Though many World War I history buffs weren’t all that impressed by Netflix’s take on the German anti-war film All Quiet on the Western Front, even those who found fault appreciated the correct-looking uniforms, depictions of the trenches, and even the weapons. The bigger issue is that the film wasn’t faithful to the original novel by Erich Maria Remarque, and the action scenes were lacking in authenticity.
Many viewers who know the history of the First World War have been divided over the inclusion of the French Saint-Chamond assault tanks in a pivotal sequence in the middle of the film. Nowhere in Remarque’s book was there any mention of tanks, let alone the Saint Chamond. As a veteran of the actual war, it isn’t clear if Remarque ever encountered an enemy tank.
It would seem the inclusion was meant to depict the battle sequence as bigger and more intense – likely to appeal to fans of Hollywood’s CGI superhero blockbusters.
Meet the Saint Chamond
As the second tank designed by France during the First World War, it was also one of the most massive vehicles to see service.
With a crew of eight, it was armed with a 75mm main gun, along with four 8mm Hotchkiss machine guns. Some 400 of the French tanks were manufactured between April 1917 and July 1918, but their use in combat was limited – as the first Saint-Chamonds didn’t head into battle until early October 1918. As depicted in the film, (SPOILERS) they could be easily handicapped by damage to their tracks.
Bad Depiction of Tank Warfare
All Quiet on the Western Front currently has a 92% rating on the review site Rottomatoes.com, and action movie fans likely enjoyed the scenes where a number of massive metal behemoths rolled into action – the rumbling from the engines so loud it literally shook the ground.
It is an impressive scene, to say the least, and was the first (and only time) the Saint Chamond tanks have been depicted in a film. Though just a single example survives today, some video gamers may know the tank for its depiction in such titles as Battlefield 1 and World of Tanks.
The scene has all the realism of a video game, and certainly wasn’t an accurate depiction of how the tank assaults were actually conducted. By the time of the scene in question – early November 1918 – the Allies better understood that tanks couldn’t simply charge ahead of infantry unsupported. Nor would tanks cross over the trenches leaving enemy troops in their rear.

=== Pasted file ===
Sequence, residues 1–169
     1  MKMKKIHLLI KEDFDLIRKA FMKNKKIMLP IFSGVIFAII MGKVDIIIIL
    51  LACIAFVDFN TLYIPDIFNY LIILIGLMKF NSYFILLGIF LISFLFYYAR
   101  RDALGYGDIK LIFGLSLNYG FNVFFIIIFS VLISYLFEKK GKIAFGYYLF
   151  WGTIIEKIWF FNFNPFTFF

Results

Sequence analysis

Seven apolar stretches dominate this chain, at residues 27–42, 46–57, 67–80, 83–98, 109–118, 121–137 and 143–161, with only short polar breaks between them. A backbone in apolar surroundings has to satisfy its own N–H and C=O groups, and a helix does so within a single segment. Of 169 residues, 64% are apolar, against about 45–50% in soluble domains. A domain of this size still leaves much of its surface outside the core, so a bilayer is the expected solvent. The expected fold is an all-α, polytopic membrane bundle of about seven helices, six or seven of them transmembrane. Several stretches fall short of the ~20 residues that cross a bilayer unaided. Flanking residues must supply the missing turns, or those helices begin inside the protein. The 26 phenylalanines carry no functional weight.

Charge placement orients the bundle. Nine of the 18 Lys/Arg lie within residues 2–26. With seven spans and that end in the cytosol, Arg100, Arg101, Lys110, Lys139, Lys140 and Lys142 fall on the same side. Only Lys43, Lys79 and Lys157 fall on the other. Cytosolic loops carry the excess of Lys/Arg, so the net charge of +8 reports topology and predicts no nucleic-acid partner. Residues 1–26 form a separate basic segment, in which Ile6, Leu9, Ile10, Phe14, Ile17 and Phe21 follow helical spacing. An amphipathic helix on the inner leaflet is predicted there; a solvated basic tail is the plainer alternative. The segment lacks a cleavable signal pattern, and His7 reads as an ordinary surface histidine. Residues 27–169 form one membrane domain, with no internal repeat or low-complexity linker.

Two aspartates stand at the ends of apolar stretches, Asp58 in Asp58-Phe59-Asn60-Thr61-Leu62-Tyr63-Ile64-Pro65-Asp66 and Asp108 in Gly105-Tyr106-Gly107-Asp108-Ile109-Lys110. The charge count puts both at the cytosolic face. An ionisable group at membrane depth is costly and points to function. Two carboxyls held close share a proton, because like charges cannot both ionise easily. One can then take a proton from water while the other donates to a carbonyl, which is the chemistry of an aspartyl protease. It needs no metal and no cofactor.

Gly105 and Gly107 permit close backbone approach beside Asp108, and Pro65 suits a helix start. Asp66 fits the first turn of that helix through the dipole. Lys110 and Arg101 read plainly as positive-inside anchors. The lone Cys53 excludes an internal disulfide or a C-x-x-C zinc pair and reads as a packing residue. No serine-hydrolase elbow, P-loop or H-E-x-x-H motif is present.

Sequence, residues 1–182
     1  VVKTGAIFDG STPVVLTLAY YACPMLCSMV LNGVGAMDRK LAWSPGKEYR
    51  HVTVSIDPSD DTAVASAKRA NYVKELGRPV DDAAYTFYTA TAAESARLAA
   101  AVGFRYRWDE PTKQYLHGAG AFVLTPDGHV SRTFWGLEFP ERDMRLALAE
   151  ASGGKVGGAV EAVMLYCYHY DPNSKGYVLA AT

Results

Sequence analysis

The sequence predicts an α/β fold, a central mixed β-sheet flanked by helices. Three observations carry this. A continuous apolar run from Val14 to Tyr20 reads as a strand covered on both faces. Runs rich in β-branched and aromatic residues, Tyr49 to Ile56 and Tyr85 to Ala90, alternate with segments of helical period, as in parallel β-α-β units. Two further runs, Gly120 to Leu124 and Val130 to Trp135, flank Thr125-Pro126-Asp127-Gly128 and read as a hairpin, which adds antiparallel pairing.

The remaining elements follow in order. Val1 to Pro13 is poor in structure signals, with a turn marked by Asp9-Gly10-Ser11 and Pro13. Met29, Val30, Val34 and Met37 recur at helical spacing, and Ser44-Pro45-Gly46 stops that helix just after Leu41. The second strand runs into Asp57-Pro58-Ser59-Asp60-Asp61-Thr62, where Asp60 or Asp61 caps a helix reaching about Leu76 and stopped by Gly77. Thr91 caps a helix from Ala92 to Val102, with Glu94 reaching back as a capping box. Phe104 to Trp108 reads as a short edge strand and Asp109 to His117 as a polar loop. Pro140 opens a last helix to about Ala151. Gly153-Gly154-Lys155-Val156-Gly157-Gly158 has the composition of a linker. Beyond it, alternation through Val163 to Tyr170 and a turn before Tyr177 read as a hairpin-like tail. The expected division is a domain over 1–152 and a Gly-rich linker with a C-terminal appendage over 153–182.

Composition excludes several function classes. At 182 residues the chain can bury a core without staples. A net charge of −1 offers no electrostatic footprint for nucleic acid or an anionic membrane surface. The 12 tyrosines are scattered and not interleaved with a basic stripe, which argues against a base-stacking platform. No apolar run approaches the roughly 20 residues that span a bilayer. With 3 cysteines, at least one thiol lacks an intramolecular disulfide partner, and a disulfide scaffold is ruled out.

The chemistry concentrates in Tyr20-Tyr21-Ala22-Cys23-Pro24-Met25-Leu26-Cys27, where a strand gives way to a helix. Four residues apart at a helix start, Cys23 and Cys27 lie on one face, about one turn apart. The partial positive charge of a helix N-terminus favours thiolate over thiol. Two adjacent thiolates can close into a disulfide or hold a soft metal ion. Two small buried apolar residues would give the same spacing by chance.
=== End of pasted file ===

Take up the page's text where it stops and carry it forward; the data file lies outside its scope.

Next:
Moreover, the film actually gives too much credit to how feared the tanks were at that stage in the war – as the first British tanks were used during the Battle of the Somme more than two years earlier.
“While the invention and deployment of tanks may not have single-handedly changed the outcome of WWI, they were certainly emblematic of the technological revolution that occurred during the war,” explained John Adams-Graf, editor of History in Motion, the publication of the Military Vehicle Preservation Society (MVPS).
“Developed as a means to break the stalemate of trench warfare, the tanks’ presence on the battlefield had major impacts on morale of both the attackers and the defenders,” Adams-Graf told 19FortyFive. “More importantly, however, was leadership’s discovery of how to employ tanks as part of a ‘combined team’ with infantry – a tactic that has remained a mainstay of military strategy to this day.”
It is just a pity that the film didn’t get that detail correct.
A Senior Editor for 19FortyFive, Peter Suciu is a Michigan-based writer. He has contributed to more than four dozen magazines, newspapers, and websites with over 3,000 published pieces over a twenty-year career in journalism. He regularly writes about military hardware, firearms history, cybersecurity, and international affairs. Peter is also a Contributing Writer for Forbes and Clearance Jobs. You can follow him on Twitter: @PeterSuciu.